Cybercriminals earn over $3 billion a year from social platforms
Social media-enabled cybercrimes are generating at least $3.25 billion in global revenue annually according to a new report.
The study released by virtualization-based security company Bromium and researched and written by Dr Mike McGuire, senior lecturer in criminology at the University of Surrey, looks at the range of techniques used by cybercriminals to exploit trust and enable rapid infection across social media.
It also details the range of services being offered in plain sight on social networks, including, hacking tools and services, botnets for hire, facilitated digital currency scams and more traditional criminal activities.
Among the findings are that reports of cybercrime involving social media have grown more than 300-fold between 2015 and 2017 in the US, and social media-enabled crime quadrupled between 2013 and 2018 in the UK. One in five organizations have been infected with malware distributed via social media according to the report.
Over 1.3 billion social media users have had their data compromised within the last five years and between 45 and 50 percent of the illicit trading of data from 2017 to 2018 could be associated with breaches of social media platforms. Worryingly, four of the top five global websites hosting cryptomining code are social media platforms.
"Social media platforms have become near ubiquitous, and most corporate employees access social media sites at work, which exposes significant risk of attack to businesses, local governments as well as individuals," says Gregory Webb, CEO of Bromium. "Hackers are using social media as a Trojan horse, targeting employees to gain a convenient backdoor to the enterprise's high value assets. Understanding this is the first step to protecting against it, but businesses must resist knee jerk reactions to ban social media use -- which often has a legitimate business function -- altogether."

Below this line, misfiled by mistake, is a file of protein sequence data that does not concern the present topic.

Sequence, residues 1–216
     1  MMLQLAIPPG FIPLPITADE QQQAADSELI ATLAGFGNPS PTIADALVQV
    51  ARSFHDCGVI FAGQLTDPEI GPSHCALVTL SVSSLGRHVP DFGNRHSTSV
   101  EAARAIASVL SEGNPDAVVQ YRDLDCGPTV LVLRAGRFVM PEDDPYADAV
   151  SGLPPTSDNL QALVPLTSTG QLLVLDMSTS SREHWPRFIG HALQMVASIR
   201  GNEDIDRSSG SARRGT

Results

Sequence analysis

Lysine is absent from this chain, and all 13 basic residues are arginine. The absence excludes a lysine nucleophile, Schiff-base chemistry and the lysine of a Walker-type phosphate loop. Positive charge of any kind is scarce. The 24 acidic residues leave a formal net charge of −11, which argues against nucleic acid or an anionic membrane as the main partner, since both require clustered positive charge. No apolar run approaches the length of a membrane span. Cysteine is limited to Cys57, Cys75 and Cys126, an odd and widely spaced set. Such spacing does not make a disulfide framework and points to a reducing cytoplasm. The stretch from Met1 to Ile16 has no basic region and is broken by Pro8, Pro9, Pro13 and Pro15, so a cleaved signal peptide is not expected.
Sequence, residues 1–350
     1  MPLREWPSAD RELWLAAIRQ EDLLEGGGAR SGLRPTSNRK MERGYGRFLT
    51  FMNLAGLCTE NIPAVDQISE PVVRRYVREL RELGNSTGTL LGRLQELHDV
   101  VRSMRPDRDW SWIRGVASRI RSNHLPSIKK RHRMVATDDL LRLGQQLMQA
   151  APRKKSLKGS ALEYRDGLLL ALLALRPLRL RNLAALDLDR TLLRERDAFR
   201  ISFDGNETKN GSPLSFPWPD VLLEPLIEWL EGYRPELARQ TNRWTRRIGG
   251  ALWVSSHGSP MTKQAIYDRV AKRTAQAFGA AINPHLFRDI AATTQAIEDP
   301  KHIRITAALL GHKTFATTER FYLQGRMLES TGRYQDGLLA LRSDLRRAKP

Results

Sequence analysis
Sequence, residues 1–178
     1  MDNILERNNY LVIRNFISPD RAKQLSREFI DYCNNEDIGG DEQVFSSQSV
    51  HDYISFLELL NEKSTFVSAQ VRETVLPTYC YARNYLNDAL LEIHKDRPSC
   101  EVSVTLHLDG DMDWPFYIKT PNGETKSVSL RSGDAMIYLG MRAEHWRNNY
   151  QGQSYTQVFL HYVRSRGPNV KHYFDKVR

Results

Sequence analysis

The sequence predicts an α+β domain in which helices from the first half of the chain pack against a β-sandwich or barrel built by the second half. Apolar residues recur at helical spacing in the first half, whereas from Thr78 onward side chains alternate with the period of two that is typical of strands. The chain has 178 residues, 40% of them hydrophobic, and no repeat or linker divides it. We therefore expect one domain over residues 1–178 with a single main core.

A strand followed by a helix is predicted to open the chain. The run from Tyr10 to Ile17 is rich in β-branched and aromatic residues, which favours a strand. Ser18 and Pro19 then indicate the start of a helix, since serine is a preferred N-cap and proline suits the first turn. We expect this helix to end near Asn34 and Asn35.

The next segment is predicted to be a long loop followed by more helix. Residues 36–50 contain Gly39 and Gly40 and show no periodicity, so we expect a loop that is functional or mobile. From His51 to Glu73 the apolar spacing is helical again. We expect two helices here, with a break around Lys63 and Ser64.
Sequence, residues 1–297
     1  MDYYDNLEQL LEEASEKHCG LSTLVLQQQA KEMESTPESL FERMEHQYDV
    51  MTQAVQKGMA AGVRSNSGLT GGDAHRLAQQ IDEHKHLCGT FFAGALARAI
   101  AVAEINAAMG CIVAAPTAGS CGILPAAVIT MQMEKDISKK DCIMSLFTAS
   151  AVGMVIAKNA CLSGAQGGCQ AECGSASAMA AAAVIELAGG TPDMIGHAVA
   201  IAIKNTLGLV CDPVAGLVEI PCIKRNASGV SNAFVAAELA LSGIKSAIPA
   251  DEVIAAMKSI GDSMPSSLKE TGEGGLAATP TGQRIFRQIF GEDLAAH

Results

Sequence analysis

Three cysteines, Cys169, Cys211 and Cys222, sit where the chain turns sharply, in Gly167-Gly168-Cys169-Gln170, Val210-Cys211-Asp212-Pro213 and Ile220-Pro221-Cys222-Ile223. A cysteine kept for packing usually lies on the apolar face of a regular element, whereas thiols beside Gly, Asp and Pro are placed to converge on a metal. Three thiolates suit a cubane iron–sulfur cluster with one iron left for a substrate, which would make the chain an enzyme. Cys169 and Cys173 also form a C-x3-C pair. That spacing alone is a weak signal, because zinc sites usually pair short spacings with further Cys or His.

Since 2017 there has been a 400 to 600 percent increase in the amount of cryptomining malware being detected globally, the vast majority of which has been found on social media platforms. Of the top 20 global websites that host cryptomining software, 11 are social media platforms like Twitter and Facebook. Apps, adverts and links have been the primary delivery mechanism for cryptomining software on social platforms, with the majority of malware detected by this research mining Monero (80 percent) and Bitcoin (10 percent), earning $250m per year for cybercriminals.
"Facebook Messenger has been instrumental in spreading cryptomining strains like Digmine," says Dr McGuire. "Another example we found was on YouTube, where users who clicked on adverts were unwittingly enabling cryptomining malware to execute on their devices, consuming more than 80 percent of their CPU to mine Monero. For businesses, this type of malware can be very costly, with the increased performance demands draining IT resources, network infections and accelerating the deterioration of critical assets."
Social media platforms are being used to facilitate traditional crimes too. They are a recruiting ground for 'mules' to carry out money laundering, and the sale of prescription drugs via social media is thought to be netting criminals as much as $1.9 billion a year. Dr McGuire concludes, "Criminals have been quick to understand how to exploit social media to facilitate more traditional crime, whether it's a vehicle to sell something or research potential victims -- for instance, online dating scams generate $138M per year and often rely on using social media pages to trick people."
You can read more in the full report available from the Bromium website.